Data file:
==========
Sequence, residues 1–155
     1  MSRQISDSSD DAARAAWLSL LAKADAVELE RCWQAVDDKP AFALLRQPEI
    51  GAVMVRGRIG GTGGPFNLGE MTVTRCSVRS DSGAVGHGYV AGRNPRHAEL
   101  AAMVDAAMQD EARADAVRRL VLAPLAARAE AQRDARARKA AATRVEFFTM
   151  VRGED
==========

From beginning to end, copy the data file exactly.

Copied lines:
Sequence, residues 1–155
     1  MSRQISDSSD DAARAAWLSL LAKADAVELE RCWQAVDDKP AFALLRQPEI
    51  GAVMVRGRIG GTGGPFNLGE MTVTRCSVRS DSGAVGHGYV AGRNPRHAEL
   101  AAMVDAAMQD EARADAVRRL VLAPLAARAE AQRDARARKA AATRVEFFTM
   151  VRGED